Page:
Alban Eraclas, Director of Performance, Quality and HSE, Acome (France) spoke on behalf of the largest industrial cooperative group in France. Acome (1760 employees; 2018 turnover 504 million EUR) is active in the cable, wire and synthetic tubes market and it is present in France, Brazil, Morocco and China. Founded in 1932, Acome’s commitment to sustainable development in nowadays three-fold: minimising the footprint and reducing waste production; a particular focus on people; and commitment to the sustainable development of their local community. A few forward-looking examples of this engagement towards people and local community are the “Familles à énergie positive” challenge which aims at supporting ACOME workers’ families to reduce their household energy consumption, and the “Normandie Forêver” initiative which foresees the reforestation in Normandy (rather than in other parts of the world) to compensate for carbon emissions.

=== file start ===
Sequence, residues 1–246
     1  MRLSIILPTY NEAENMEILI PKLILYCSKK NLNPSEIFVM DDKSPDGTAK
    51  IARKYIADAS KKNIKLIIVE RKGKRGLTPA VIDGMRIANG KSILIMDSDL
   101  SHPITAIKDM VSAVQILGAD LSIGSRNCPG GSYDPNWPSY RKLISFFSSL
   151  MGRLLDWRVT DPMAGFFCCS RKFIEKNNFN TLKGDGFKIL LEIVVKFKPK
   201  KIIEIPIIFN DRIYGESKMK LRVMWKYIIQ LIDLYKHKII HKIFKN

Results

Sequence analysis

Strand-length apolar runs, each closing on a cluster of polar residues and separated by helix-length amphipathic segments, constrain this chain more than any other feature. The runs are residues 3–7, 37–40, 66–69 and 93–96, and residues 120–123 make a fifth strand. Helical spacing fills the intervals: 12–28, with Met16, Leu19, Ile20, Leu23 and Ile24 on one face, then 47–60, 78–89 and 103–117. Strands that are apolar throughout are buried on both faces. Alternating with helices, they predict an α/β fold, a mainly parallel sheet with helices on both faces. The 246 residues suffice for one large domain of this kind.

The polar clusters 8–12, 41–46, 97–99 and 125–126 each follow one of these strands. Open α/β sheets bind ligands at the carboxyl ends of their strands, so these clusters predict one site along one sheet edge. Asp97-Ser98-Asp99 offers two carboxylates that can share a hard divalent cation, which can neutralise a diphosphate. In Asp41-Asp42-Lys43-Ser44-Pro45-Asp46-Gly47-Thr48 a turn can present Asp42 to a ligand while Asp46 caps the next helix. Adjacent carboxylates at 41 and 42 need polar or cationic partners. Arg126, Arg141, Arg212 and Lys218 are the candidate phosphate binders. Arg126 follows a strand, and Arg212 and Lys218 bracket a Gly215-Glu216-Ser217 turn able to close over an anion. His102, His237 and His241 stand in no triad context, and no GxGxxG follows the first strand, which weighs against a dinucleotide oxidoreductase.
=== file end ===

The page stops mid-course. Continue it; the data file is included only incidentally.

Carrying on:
Mondragon Corporation, one of the biggest business groups in Spain (among the first 10 companies with a 2018 industry sales of 5132 million EUR and 73635 employees), was represented by Julian Gallardo, New Business Development Manager. Active in four main areas (industry, retail, knowledge and finance), Mondragon focuses on people, work, cooperation and solidarity. With 128 production plants all around the world, the focus on innovation is their strategic asset (important investments are made in R&D, 153 million EUR). Sustainability is pursued through products innovation, reduction of waste and raw materials, etc. One of the several circular economy activities the Mondragon group is involved in is the joint remanufacturing initiative from the cooperative Sare Teknika, the Emmaus foundation and the business association Acede: by opening a plant that collects dismissed electrical appliances, repairs them and re-sell them, the initiative ensured the creation of 24 new jobs in 3 years, mostly for people at risk of exclusion.